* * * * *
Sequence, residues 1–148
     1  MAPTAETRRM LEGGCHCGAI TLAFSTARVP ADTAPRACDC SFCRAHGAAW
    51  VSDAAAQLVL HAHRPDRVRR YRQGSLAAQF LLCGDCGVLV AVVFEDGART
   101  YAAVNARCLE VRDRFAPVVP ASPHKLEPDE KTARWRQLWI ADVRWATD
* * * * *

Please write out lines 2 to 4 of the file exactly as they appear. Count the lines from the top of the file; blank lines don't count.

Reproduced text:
     1  MAPTAETRRM LEGGCHCGAI TLAFSTARVP ADTAPRACDC SFCRAHGAAW
    51  VSDAAAQLVL HAHRPDRVRR YRQGSLAAQF LLCGDCGVLV AVVFEDGART
   101  YAAVNARCLE VRDRFAPVVP ASPHKLEPDE KTARWRQLWI ADVRWATD